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Summary Introduction and Overview Economic analysis of law is a balancing act. In analyzing this balance, seven themes emerge: The myth of laissez-faire. Preference formation and social norms. The contextual character of choice. The importance of fair distribution. The diversity of human goods. The way law can shape preferences. Puzzles of human rationality.

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These seven themes are analyzed in three areas: Foundational Issues, Rights, and Regulations. Foundational Issues Laissez-faire is a myth. A free market requires the rule of law. They haven't produced social justice, unless your idea of "justice" is privileges for government officials and shortages of basics like food and toilet paper for ordinary people.

Only socialism could take an oil-rich nation and turn it into one where people wait in line for hours for survival rations. The left-wing Guardian newspaper quotes a Venezuelan farmer saying that Chavez's policies left Venezuela with "no one to explain why a rich country has no food. Not many people in Venezuela give such explanations—the government censors its critics—but free-market economists can explain.

Goods don't get matched to consumer needs by anyone's burning desire for justice. The amazing coordination of the marketplace happens because sellers and buyers are free.

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Sellers can sell whatever they choose at prices they choose. Buyers decide whether to pay. That flexibility—and chance to make a profit—is what persuades people to create what customers want and risk their own money and safety to stock it in a store. Without the free market setting prices and allocating resources, all the cries of "justice" in the world don't help anyone. You can't eat justice.


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You can't use it as toilet paper. Intellectuals, activists and government alike love it when politicians take "tough," decisive action—usually meaning sudden interference in the marketplace. A year and a half ago, Venezuelan government used the military to seize control of Daka, one of the country's largest retailers, in order to force the chain to charge "fair" prices. Punish those rich, greedy store-owners!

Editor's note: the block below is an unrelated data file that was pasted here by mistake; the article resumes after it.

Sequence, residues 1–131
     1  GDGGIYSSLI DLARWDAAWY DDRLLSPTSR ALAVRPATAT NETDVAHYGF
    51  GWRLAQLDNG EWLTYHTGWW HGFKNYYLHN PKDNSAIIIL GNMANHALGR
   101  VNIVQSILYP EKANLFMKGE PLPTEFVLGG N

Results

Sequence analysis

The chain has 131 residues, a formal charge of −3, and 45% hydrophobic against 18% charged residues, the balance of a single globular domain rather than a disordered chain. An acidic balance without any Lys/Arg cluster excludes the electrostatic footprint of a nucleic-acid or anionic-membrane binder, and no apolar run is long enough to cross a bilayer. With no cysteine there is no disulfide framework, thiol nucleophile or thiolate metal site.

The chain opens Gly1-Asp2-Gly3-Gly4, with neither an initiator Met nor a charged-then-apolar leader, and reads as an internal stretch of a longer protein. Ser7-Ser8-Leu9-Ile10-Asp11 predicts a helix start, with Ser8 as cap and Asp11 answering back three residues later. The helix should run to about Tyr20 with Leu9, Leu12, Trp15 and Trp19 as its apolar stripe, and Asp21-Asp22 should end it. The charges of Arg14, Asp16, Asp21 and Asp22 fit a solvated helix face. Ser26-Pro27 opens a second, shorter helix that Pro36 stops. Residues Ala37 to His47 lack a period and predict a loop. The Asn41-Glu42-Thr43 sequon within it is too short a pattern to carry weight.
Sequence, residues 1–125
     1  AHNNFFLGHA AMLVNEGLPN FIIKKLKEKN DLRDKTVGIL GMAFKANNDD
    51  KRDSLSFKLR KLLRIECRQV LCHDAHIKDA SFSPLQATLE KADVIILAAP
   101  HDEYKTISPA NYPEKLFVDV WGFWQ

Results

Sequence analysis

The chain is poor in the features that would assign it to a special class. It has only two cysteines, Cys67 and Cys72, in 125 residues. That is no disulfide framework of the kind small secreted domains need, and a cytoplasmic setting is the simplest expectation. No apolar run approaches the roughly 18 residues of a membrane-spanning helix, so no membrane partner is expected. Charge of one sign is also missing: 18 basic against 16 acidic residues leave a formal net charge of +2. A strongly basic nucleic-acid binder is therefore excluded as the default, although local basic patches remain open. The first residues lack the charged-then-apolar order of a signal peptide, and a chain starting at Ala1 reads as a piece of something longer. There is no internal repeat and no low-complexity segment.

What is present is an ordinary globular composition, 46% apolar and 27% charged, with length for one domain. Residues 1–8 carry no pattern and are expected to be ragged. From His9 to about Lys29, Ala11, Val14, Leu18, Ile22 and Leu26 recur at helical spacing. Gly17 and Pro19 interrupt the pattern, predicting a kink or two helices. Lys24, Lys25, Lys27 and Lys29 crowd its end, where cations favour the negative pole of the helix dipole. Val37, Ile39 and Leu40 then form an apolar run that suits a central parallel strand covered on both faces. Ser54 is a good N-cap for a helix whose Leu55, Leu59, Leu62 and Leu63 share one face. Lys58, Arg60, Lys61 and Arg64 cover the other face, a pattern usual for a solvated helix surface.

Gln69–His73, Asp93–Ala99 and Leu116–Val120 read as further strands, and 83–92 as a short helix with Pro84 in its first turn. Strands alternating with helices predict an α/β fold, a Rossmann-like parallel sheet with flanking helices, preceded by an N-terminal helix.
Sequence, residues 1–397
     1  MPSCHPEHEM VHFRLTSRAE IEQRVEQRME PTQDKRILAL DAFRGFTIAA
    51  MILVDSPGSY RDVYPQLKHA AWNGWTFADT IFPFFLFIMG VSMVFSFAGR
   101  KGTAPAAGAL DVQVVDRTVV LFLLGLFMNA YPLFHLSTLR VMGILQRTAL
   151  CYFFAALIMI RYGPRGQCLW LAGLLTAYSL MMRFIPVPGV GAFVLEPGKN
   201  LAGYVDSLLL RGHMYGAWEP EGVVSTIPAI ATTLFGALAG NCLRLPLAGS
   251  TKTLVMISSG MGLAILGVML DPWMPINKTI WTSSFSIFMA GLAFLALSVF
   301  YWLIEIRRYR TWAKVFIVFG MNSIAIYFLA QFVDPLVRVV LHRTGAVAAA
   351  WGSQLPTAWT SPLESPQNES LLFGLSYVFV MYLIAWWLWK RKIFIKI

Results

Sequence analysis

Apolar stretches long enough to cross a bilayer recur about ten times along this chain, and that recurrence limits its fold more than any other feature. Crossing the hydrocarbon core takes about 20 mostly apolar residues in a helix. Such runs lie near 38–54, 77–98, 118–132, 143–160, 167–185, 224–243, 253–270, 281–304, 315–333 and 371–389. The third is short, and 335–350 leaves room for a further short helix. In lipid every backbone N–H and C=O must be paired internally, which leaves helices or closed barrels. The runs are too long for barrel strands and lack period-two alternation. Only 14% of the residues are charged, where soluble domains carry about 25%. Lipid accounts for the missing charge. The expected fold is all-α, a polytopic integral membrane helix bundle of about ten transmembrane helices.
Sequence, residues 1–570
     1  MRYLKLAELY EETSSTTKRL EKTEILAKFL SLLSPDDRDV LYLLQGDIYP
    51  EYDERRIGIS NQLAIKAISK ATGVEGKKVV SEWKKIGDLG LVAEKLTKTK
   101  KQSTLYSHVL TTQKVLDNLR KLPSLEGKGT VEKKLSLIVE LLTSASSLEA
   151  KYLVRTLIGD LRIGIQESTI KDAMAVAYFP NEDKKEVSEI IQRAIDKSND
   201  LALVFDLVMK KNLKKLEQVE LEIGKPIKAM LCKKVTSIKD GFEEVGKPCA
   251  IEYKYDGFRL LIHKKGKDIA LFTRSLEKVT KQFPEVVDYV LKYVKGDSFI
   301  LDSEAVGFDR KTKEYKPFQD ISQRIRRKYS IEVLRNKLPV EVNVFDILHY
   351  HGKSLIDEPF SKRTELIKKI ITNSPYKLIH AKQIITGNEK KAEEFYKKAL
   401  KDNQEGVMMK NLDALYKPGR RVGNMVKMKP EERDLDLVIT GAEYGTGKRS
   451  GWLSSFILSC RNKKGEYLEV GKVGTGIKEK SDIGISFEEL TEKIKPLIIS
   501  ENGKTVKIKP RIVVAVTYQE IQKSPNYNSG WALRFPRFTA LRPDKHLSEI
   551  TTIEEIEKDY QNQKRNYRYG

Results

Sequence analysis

Socialists say capitalists just want to make a quick buck, but it's government that can't plan for the long haul.

Free Market Fairness

Instead of thinking in terms of returns on investment and sustainable business models, socialists think only of today: They see people who need stuff and stores full of stuff. Take the stuff and give it to people, and then tomorrow—well, those capitalists will always bring in more stuff, I guess. Sometimes activists admit they aren't very interested in economics. What they really want is a more "tolerant" world with less sexism and racism. They act as if capitalism is an obstacle to that. But it isn't. Capitalist societies are less racist and less sexist than non-capitalist ones.


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    Calls for ‘Social Justice’ Won’t Work Without Free Markets – tyruvyvizo.cf

    More up icon. Free exchange Economics. Markets and social justice: two great tastes that taste great together Efficiency serves the left's ideals Free exchange Oct 5th by Free Exchange Washington, DC. What has often been the norm in Europe from the 60s until recently — heavy market regulation, protection of the status quo , an enormous public sector which rewards not the very poor but the most-connected and requires highly distortionary taxation, universities which often produce mediocrity in the name of egalitarianism while the very rich get a good education anyway, somehow — all end up decreasing efficiency and justice at the same time.

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